On Thursday, the central bank of the United Arab Emirates (CBUAE), published a press release regarding its upcoming central bank digital currency (CBDC). The recent update is a follow-up on the central bank’s CBDC plan which was revealed in February.
In a recent press release, the central bank launched a new strategy that would provide the infrastructure and technology for the issuance of its CBDC called ‘digital dirham.’
According to the press release, the development of the UAE’s CBDC, under ‘The Digital Dirham’ strategy, is part of the nine key initiatives in the country’s Financial Infrastructure Transformation (FIT) Program. Reportedly, the first phase of this strategy is expected to take place in the coming 12 to 15 months. Sources reveal that it includes three major pillars:
- The soft launch of mBridge for real-value cross-border CBDC transactions in international trade settlements
- Proof-of-concept (PoC) for CBDC bridges with India
- PoC for domestic CBDCs in wholesale and retail
Khaled Mohamed Balama, the Governor of the CBUAE, also shared his opinion regarding the UAE’s plans for CBDC. He said:
CBDC is one of the initiatives as part of the CBUAE’s FIT program, which will further position and solidify the UAE as a leading global financial hub. (…) The launch of our CBDC strategy marks a key step in the evolution of money and payments in the country.
Now looking back at the trail of events by UAE for its CBDC in the past few weeks, we see that the nation is actively pursuing its plan. In February, the CBUAE announced its FIT program, wherein the digital Dirham was marked as a priority. The central bank had also looked up to the CBDC for promoting financial inclusion.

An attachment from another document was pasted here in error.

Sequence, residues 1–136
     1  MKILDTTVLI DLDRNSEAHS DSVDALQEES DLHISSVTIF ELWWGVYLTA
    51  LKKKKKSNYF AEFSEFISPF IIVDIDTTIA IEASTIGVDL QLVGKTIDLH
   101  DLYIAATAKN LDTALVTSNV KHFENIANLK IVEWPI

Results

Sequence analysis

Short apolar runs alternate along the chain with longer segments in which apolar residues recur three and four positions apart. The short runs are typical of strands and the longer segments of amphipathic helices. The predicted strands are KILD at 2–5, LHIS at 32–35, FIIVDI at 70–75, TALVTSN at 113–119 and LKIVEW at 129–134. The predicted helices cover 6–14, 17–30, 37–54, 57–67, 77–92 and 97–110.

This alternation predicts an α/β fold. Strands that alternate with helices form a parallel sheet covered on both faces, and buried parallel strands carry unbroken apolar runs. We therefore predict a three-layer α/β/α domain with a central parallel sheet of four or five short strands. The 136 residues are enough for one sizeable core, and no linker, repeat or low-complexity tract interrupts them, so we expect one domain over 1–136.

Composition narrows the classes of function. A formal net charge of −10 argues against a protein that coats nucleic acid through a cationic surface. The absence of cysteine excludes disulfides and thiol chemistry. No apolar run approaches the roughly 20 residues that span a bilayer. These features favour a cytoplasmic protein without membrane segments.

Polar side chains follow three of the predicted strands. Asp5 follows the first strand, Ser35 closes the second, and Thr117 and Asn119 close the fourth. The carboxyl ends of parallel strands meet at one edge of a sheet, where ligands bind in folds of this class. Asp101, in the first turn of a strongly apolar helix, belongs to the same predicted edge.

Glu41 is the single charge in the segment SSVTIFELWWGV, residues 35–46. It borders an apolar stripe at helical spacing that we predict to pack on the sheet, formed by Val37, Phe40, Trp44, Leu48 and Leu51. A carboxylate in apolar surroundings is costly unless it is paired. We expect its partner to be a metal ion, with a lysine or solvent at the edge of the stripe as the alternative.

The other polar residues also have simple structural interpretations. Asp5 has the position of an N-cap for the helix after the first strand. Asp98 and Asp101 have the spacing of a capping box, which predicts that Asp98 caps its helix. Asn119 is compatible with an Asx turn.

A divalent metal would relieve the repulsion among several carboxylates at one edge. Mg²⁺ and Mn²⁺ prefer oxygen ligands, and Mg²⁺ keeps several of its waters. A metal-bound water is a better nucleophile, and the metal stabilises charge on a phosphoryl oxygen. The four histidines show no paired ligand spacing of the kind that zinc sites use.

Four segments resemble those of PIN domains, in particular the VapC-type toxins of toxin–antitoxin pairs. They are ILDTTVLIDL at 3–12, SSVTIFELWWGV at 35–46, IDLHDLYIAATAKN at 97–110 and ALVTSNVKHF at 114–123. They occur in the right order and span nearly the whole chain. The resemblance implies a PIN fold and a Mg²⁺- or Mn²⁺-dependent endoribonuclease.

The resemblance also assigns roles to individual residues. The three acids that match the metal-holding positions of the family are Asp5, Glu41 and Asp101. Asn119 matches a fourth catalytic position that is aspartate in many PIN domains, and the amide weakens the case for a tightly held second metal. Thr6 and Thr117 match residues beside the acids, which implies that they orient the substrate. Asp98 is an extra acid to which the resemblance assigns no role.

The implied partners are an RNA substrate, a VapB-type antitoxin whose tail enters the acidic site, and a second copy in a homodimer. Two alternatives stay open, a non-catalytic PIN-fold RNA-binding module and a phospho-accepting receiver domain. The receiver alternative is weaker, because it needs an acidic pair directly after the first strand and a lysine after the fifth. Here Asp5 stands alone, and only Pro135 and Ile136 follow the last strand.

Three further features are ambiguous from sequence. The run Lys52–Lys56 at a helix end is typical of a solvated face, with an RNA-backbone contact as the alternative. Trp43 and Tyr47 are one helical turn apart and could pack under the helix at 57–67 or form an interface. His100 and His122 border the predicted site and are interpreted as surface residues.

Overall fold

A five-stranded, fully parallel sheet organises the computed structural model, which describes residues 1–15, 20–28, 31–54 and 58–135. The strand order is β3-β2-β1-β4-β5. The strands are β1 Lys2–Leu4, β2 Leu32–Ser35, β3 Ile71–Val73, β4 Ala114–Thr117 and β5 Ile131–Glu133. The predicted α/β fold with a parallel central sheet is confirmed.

After that in mid-March, the central bank signed a Memorandum of Understanding (MoU) with the Indian central bank, the Reserve Bank of India (RBI). The MoU stated that the central banks would jointly conduct a PoC and pilots of a bilateral CBDC bridge to facilitate cross-border CBDC transactions of remittances and trade. In the instance, the central banks said that the bilateral CBDC would also enhance efficiency and transparency.
However, as the popularity of CBDCs is increasing, it has also become a topic of debate in some countries, specifically the United States. Recently, Republican lawmaker, Tom Emmer, opined that CBDC poses a danger to American ideals of privacy, individual autonomy, and free markets. Additionally, he said that it could be “easily weaponized” into a surveillance tool for spying on American citizens, whereas the Bank of America says CBDCs could revolutionize money.
To this Emmer also introduced the CBDC Anti-Surveillance Act, which seeks to prevent the government from using the digital dollar as a tool for surveillance. He explains that the bill has three primary aims, including prohibiting the Fed from issuing a CBDC directly to anyone, barring the Fed from using a CBDC to implement monetary policy and control the economy, and requiring full transparency to Congress and US citizens for the Fed’s CBDC projects.
Similar is the case in the United Kingdom, in early February, the Bank of England and the British Treasury released a formal consultation paper to create the pathway for the rollout of a CBDC that could operate alongside the region’s fiat currency. While Jeremy Hunt, the chancellor of the exchequer, and Andrew Bailey, governor of the Bank of England, say that the government could still decide against a CBDC; the consultation paper argues that a digital Pound will be needed at some point in the future.
Nonetheless, the expansion of CBDCs is too big to ignore as international agencies like SWIFT and the Bank of International Settlements (BIS) are designing and experimenting with tools to facilitate transactions in CBDCs. A few weeks back, BIS also finalized the project ‘Icebreaker’ that explores the potential advantages and challenges of using CBDCs in international payments in partnership with the central banks of Israel, Sweden, and Norway.